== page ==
If there is one company that should have failed in China, it would be Starbucks. China has thousands of years of history drinking tea and a strong culture associated with it. No one could have guessed that Chinese would ever drink coffee instead of tea. Yet, Starbucks has successfully opened more than 570 stores in 48 cities since it first entered China twelve years ago. Building on this momentum, it plans to open 1,500 stores by 2015. What did the Seattle-based coffee company do right in China? Here are five lessons from Starbucks’s success. A)
When Starbucks entered China in 1999, many were sceptical that Starbucks had a chance. Given the fact that Chinese people have traditionally favoured tea, it seemed impossible that Starbucks would be able to break into this market. However, Starbucks did not let this scepticism stop it. A careful market study revealed that as the Chinese middle class emerged, there existed an opportunity for Starbucks to introduce a Western coffee experience, where people could meet with their friends while drinking their favourite beverages. Starbucks literally created that demand. Now you can find a Starbucks almost on every major street of the coastal cities in China. Even my 90-year old father in China began to tell me how he drank coffee after meals, rather than tea, to help his digestion. Starbucks has revolutionized how Chinese view and drink coffee. B)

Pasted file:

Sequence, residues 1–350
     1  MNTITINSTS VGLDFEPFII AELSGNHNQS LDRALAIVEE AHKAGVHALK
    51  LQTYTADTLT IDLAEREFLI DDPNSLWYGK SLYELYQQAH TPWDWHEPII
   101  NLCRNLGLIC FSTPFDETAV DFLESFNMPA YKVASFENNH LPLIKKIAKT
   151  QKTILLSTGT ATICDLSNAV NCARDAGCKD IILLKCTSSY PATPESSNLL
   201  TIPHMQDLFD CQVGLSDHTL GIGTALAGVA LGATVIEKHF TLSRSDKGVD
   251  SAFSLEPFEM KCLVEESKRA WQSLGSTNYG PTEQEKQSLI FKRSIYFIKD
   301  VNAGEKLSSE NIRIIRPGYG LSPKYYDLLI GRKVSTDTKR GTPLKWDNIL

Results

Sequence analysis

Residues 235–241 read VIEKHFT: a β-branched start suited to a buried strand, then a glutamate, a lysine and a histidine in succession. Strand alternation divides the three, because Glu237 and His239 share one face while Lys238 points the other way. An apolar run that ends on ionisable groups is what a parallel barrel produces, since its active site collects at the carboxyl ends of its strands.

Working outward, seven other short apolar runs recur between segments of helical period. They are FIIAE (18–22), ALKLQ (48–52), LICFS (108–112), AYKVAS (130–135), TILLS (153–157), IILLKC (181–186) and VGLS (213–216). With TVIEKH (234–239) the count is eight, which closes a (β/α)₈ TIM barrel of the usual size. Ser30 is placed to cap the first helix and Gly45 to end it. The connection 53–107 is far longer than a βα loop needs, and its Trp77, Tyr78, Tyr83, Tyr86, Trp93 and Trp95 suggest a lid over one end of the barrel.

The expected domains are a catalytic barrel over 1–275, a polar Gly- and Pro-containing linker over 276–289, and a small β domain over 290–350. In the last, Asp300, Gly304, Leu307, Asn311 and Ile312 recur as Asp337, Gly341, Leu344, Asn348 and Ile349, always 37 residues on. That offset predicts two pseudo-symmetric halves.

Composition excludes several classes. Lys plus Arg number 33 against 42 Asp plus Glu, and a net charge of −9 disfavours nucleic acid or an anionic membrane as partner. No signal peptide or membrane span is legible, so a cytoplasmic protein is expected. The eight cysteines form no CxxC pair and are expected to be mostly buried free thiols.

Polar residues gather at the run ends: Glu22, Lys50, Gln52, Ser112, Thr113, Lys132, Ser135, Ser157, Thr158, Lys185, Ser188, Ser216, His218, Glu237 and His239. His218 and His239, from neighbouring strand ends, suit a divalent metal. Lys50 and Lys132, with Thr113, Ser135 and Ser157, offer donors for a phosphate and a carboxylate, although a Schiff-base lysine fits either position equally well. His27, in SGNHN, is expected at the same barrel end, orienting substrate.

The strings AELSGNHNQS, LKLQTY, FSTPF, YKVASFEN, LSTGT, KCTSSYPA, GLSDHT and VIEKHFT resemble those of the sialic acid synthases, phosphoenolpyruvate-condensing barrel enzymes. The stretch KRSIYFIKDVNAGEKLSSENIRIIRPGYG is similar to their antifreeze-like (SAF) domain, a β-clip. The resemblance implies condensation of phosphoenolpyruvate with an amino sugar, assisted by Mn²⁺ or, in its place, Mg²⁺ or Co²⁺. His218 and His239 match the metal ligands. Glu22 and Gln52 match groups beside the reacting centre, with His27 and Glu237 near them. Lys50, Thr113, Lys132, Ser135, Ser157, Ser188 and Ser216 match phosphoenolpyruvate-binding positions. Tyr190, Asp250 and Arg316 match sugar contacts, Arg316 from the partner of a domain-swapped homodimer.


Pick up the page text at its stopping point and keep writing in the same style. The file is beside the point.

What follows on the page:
Once Starbucks decided to enter China, it implemented a smart market entry strategy. It did not use any advertising and promotions that could be perceived by the Chinese as a threat to their tea-drinking culture. Instead, it focused on selecting high-visibility and high-traffic locations to project its brand image. The next thing Starbucks did was to capitalize on the tea-drinking culture of Chinese consumers by introducing beverages using popular local ingredients such as green tea. This strategy has effectively turned potential obstacles...
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